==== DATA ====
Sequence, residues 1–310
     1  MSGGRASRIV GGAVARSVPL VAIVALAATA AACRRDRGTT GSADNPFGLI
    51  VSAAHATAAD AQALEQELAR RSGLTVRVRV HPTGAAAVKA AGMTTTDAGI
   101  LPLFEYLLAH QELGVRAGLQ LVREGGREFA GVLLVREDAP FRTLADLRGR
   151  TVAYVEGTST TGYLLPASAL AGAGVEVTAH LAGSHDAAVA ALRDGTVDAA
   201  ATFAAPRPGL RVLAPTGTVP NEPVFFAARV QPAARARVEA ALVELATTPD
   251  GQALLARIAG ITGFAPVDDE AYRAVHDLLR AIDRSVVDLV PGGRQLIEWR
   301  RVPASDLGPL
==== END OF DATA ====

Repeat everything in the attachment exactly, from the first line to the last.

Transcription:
Sequence, residues 1–310
     1  MSGGRASRIV GGAVARSVPL VAIVALAATA AACRRDRGTT GSADNPFGLI
    51  VSAAHATAAD AQALEQELAR RSGLTVRVRV HPTGAAAVKA AGMTTTDAGI
   101  LPLFEYLLAH QELGVRAGLQ LVREGGREFA GVLLVREDAP FRTLADLRGR
   151  TVAYVEGTST TGYLLPASAL AGAGVEVTAH LAGSHDAAVA ALRDGTVDAA
   201  ATFAAPRPGL RVLAPTGTVP NEPVFFAARV QPAARARVEA ALVELATTPD
   251  GQALLARIAG ITGFAPVDDE AYRAVHDLLR AIDRSVVDLV PGGRQLIEWR
   301  RVPASDLGPL